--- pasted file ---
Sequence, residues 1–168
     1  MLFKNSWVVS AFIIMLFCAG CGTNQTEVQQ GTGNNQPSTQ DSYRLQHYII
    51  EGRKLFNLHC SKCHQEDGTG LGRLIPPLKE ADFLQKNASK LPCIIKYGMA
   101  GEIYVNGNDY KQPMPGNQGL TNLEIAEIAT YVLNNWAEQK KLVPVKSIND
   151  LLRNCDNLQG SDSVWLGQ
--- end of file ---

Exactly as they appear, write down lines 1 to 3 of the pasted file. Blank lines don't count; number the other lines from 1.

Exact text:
Sequence, residues 1–168
     1  MLFKNSWVVS AFIIMLFCAG CGTNQTEVQQ GTGNNQPSTQ DSYRLQHYII
    51  EGRKLFNLHC SKCHQEDGTG LGRLIPPLKE ADFLQKNASK LPCIIKYGMA